by Victoria Knight
Since Georgia legalized fireworks in July 2015, the state has received almost $2 million from the sale of Roman candles, fountains, and other pyrotechnic displays.
For every dollar that’s spent on these explosives, fireworks merchants and their customers paid 5 percent in excise tax to the state, whether the products were sparklers sold at Kroger or bottle rockets at a pop-up store on Atlanta Highway.
The gardening store next door did not pay this tax: the legislature imposed it specifically on fireworks.
“The fireworks industry for years has wanted access to the Georgia market. Part of the agreement they made to get that access was to agree to paying an excise tax that would be split among three specific groups,” said State Sen. Mike Dugan (R-Carrolton), one of the sponsors of Amendment 4.
The excise tax money is being funneled into a state treasury account, where it can be spent as the Georgia General Assembly sees fit. Amendment 4 would change that.
If it passes, 55 percent of the excise tax collection will go to the Georgia Trauma Care Network Commission, 40 percent to the Georgia Firefighter Standards and Training Council and 5 percent to local governments for public safety measures, including the improvement of 911 systems.
“Seems pretty straight forward to me,” said Aishah Khan, a first-year Master of Public Health student at the University of Georgia. She’s a registered Georgia voter who had just read the amendment for the first time. “I think it’s saying that any taxes that they put on fireworks goes towards funding public safety endeavors. I think it’s something that I would vote yes for.”
The largest chunk of fireworks tax revenue would go to the Georgia Trauma Care Network Commission, which helps repay trauma centers to cover uncompensated care for people injured in car crashes, severe fires, and other traumatic events. The commission can also subsidize ambulance services.
Dr. Dennis Ashley, chair of the Georgia Trauma Care Network, said that last year, his organization received no funds from the excise fireworks tax. He estimates that it costs approximately 80 million dollars to run the medical trauma care system across the state.
“This [excise tax revenue] will support trauma center readiness costs, enhance emergency medical services, provide trauma related education, and improve the quality of trauma care throughout the state,” said Ashley.
State Sen. Ben Watson (R-Savannah), a practicing physician, supports the amendment.
“The trauma care network is severely underfunded in Georgia. And especially in rural South Georgia, when you get in the time range of one hour or farther away from a trauma center, which can happen,” said Watson. “So, if we’re going to have an excise tax, let’s use it for a positive purpose.”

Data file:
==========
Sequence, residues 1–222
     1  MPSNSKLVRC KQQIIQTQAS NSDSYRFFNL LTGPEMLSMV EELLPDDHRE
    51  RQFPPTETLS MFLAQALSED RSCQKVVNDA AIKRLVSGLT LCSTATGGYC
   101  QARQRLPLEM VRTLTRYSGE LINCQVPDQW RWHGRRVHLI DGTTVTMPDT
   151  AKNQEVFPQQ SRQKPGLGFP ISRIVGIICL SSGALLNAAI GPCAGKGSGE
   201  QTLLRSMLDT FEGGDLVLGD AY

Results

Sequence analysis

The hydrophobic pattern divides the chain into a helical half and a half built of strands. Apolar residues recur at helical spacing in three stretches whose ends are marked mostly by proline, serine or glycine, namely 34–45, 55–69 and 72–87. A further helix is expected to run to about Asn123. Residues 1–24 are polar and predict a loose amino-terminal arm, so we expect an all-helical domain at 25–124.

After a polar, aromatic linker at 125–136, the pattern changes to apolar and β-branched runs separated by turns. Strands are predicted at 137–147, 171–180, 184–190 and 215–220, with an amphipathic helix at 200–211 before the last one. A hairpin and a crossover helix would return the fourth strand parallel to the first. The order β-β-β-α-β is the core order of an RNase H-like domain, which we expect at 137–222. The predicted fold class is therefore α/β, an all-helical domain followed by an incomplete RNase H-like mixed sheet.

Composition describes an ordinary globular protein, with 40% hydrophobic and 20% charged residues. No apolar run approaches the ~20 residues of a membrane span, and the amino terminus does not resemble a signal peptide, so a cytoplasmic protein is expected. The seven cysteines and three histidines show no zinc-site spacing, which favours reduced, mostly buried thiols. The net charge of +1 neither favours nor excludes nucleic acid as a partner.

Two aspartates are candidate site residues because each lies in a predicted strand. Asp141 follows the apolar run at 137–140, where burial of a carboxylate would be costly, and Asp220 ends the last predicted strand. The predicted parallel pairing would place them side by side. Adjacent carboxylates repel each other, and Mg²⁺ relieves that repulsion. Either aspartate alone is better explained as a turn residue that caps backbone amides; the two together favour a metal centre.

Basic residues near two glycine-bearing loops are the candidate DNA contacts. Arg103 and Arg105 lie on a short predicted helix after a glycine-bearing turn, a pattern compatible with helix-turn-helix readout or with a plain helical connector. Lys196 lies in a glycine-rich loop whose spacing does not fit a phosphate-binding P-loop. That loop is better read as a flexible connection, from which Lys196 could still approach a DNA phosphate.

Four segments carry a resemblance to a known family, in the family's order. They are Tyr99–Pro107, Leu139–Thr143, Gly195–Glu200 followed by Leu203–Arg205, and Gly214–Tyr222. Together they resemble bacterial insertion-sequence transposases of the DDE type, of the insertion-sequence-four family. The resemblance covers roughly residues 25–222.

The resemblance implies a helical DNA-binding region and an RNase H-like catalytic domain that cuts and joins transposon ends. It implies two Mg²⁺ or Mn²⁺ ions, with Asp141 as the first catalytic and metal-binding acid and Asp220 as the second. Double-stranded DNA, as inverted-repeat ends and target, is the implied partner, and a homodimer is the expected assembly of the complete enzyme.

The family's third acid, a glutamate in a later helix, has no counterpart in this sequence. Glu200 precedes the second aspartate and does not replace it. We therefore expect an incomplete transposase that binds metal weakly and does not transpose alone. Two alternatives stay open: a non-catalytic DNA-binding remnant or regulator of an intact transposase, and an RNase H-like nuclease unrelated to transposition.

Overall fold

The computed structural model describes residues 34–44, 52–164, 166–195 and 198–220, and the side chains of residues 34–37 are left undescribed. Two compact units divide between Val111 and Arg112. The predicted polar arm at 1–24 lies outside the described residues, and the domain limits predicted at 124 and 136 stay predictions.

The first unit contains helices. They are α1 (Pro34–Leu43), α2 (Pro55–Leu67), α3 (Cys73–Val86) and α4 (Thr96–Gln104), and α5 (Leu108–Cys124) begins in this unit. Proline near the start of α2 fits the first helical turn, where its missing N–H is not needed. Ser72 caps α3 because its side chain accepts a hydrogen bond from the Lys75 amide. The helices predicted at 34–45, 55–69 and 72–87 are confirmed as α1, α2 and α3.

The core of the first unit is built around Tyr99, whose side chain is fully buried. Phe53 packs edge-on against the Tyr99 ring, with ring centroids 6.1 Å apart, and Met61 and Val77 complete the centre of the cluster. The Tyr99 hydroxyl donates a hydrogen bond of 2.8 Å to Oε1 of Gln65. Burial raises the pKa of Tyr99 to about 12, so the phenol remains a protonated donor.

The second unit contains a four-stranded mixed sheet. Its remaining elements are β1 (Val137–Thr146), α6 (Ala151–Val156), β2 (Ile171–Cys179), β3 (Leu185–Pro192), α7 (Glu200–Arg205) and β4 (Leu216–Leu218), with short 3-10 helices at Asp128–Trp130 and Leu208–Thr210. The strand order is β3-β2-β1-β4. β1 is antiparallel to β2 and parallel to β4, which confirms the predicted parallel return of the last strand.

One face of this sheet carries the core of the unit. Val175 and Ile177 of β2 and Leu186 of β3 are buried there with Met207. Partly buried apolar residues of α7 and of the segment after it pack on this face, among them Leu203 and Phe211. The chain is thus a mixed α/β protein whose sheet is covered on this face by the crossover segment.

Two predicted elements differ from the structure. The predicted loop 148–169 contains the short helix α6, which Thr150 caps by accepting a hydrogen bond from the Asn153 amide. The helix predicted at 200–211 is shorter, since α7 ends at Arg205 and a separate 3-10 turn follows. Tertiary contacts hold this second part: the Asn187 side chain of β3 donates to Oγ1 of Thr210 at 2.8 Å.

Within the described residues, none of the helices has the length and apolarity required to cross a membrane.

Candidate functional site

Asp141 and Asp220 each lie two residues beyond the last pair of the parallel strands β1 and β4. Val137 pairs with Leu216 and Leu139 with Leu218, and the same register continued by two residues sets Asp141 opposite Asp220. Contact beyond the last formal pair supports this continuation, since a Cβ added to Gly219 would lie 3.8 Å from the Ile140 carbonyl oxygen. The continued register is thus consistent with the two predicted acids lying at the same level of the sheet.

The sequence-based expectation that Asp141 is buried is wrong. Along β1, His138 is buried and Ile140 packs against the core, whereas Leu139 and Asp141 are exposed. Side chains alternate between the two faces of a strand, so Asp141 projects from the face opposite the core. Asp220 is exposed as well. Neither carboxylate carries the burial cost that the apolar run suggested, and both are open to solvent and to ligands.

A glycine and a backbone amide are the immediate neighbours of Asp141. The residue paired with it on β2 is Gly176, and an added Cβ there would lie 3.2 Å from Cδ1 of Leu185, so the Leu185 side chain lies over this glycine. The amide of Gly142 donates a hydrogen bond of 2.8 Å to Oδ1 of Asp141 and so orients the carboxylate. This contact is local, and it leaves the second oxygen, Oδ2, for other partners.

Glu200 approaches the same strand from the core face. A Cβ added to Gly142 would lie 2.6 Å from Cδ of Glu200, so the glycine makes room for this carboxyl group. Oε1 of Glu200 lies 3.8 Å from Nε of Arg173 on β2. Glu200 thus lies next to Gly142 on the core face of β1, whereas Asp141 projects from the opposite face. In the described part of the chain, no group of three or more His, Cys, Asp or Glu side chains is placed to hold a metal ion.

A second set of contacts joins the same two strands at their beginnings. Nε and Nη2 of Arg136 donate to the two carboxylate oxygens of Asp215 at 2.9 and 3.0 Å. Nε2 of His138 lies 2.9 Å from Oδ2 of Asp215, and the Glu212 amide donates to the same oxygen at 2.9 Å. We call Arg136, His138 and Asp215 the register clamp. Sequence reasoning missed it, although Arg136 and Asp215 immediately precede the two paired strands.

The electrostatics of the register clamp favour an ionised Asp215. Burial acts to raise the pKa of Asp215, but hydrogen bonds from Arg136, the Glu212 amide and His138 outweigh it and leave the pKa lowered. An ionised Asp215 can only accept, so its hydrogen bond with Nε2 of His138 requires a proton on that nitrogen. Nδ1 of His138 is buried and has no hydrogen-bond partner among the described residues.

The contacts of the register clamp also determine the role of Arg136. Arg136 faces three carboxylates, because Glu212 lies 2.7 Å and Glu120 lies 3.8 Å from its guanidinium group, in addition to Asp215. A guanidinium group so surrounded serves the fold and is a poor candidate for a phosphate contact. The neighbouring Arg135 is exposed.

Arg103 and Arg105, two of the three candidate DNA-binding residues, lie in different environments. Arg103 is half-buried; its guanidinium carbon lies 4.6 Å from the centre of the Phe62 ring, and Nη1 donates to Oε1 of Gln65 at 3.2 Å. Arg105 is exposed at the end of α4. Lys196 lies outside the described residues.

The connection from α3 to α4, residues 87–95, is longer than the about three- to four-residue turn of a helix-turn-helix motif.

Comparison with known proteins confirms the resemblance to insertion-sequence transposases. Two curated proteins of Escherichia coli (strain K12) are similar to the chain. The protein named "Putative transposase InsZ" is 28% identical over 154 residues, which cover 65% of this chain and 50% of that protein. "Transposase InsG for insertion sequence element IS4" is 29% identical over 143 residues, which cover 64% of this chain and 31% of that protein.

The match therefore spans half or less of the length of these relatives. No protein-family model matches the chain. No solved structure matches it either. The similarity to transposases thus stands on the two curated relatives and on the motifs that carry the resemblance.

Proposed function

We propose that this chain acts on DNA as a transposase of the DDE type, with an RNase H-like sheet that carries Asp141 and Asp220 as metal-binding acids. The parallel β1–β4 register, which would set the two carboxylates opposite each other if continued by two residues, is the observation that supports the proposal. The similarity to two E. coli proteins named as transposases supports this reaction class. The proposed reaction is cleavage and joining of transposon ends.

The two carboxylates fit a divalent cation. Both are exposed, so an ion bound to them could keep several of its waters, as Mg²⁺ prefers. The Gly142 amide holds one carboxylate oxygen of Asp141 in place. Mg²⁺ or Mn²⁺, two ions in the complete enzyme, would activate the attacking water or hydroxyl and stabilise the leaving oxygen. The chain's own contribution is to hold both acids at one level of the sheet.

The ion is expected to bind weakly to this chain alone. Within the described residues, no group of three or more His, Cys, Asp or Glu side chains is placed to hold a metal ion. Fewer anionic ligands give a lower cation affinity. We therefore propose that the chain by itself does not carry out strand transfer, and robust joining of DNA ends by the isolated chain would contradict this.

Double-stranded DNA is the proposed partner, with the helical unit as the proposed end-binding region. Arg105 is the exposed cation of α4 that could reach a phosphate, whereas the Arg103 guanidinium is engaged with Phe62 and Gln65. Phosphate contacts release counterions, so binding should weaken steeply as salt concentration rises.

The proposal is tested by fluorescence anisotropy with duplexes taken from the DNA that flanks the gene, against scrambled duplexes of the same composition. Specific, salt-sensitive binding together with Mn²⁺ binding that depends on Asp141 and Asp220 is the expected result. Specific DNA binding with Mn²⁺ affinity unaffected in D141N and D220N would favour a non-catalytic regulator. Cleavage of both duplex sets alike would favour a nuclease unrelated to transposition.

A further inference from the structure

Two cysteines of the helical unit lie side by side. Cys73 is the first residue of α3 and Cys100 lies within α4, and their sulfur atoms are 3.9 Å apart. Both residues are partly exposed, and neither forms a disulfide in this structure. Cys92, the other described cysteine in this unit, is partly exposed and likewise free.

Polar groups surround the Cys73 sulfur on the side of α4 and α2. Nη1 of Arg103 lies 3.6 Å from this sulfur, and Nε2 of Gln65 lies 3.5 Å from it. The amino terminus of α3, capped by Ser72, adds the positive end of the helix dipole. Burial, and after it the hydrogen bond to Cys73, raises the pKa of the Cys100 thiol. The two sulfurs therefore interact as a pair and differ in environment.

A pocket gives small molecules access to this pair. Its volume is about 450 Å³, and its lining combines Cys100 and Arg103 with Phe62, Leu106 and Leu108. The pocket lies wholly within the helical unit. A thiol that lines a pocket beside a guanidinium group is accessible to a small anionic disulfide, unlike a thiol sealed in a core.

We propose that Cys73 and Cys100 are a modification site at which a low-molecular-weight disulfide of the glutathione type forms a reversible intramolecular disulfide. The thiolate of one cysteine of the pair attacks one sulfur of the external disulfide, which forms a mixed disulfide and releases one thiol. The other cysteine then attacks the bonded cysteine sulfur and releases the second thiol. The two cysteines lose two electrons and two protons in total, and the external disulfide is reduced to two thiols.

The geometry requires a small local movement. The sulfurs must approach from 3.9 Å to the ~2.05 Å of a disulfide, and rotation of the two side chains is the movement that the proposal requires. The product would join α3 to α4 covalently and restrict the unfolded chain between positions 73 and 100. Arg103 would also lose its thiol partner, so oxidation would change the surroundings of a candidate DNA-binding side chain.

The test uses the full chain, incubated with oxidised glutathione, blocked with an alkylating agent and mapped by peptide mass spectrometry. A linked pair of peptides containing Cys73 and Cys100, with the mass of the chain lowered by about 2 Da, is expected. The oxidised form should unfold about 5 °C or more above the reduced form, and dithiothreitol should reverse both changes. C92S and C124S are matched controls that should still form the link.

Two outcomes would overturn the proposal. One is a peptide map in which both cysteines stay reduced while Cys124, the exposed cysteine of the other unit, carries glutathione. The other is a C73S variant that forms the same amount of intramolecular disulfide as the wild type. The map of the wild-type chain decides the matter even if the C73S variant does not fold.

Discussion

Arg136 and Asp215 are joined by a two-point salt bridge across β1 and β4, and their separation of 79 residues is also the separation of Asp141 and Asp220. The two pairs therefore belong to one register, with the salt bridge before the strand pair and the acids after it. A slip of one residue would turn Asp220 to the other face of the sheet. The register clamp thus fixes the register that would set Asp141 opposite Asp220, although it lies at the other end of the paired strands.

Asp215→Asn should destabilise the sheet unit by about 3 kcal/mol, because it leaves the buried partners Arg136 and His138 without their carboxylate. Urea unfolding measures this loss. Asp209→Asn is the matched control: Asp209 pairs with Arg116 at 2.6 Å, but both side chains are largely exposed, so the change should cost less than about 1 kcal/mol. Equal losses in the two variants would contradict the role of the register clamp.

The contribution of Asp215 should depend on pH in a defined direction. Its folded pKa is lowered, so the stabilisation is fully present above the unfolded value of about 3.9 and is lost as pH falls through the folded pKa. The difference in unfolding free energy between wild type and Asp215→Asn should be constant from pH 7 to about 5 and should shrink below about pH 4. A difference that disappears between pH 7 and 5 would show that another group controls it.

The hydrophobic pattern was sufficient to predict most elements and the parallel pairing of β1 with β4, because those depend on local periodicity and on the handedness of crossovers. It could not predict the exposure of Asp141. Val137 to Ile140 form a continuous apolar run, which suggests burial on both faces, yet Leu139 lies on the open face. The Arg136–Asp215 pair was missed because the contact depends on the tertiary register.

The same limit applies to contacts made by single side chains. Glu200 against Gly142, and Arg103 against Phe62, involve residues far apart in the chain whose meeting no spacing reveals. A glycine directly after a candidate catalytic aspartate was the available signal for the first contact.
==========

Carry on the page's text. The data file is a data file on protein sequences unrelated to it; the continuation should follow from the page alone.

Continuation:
Dena Abston, executive director of the Georgia Trauma Care Network, said it’s likely that Piedmont Athens Regional, the area’s Level II trauma center, would receive money if the Amendment passes.
“If we were to receive the money, basically everything else would trickle back to the trauma centers. I would say that there would be an increase of funding to Athens, I just would not know how much,” said Abston.
The Georgia Firefighter Standards and Training Council would use the excise tax money to better equip and train firefighters, as well as improve fire protection ratings at departments across the state.
“We’ve got departments which are basically operating on a shoe-string,” said George Henderson, executive director of the Georgia Firefighter Standards and Training Council. “They just barely get by and they don’t necessarily have everything they need. A lot of their gear is torn up. It’s got holes in it and doesn’t need to be used. Initially we need to look at those departments, and buy them the things they need.”
Henderson said this money could trickle down to the Athens-Clarke County Fire Department as well, though the department already has a high fire protection rating – especially compared to ratings around the state.
Money from Amendment 4 could also go to improve the ACC Police Department Communications Division, which includes the emergency 911 Call Center.
Look for Amendment 4 on the Georgia ballot as: “Dedicates revenue from existing taxes on fireworks to trauma care, fire services, and public safety.”